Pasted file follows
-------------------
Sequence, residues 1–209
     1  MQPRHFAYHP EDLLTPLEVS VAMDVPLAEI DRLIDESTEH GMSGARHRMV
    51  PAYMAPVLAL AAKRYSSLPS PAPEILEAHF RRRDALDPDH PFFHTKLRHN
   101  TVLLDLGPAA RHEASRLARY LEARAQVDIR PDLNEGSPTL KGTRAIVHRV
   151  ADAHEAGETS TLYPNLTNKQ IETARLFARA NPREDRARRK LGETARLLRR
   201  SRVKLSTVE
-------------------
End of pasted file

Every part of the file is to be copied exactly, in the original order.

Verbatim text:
Sequence, residues 1–209
     1  MQPRHFAYHP EDLLTPLEVS VAMDVPLAEI DRLIDESTEH GMSGARHRMV
    51  PAYMAPVLAL AAKRYSSLPS PAPEILEAHF RRRDALDPDH PFFHTKLRHN
   101  TVLLDLGPAA RHEASRLARY LEARAQVDIR PDLNEGSPTL KGTRAIVHRV
   151  ADAHEAGETS TLYPNLTNKQ IETARLFARA NPREDRARRK LGETARLLRR
   201  SRVKLSTVE